EDMONTON, Alberta, April 19 (UPI) -- A Canadian-led study has reported the first scientific evidence that ancient Peruvian civilizations in the central Andes Mountains smelted metals.
The study by the University of Alberta's Colin Cooke and colleagues also determined that a tax imposed on local people by ancient Inca rulers might have forced a switch from production of copper to silver.
The researchers said prior evidence of metal smelting was limited mainly to the existence of metal artifacts dating to about 1,000 A.D. and the Wari Empire that preceded the Incas. The new evidence emerged from a study of metallurgical air pollutants released from ancient furnaces during the smelting process and deposited in lake sediments.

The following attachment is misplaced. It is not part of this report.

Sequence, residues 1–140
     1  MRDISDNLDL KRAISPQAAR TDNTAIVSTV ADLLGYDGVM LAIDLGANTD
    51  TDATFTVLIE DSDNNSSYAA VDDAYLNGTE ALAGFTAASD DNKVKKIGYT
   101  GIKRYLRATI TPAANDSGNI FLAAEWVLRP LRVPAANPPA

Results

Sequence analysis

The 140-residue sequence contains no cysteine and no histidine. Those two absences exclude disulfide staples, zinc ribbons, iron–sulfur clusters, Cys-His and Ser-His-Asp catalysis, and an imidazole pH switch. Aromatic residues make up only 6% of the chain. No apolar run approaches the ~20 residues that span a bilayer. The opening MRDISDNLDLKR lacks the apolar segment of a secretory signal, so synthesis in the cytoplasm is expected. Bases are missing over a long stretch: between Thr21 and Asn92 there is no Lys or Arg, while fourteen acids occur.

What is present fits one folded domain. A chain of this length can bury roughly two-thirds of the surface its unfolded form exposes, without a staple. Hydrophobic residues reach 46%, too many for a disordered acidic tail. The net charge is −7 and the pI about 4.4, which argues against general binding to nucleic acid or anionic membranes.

By analyzing metals in the sediments, the researchers recreated a 1,000-year history of metal smelting in the area, predating Francisco Pizarro and his Spanish conquistadors by 600 years.
The findings suggest smelters in the Morococha region of Peru switched from producing copper to silver about the time Inca rulers imposed a tax, payable in silver, on local populations.
The study is scheduled for the May 15 issue of the American Chemical Society's semi-monthly journal Environmental Science & Technology.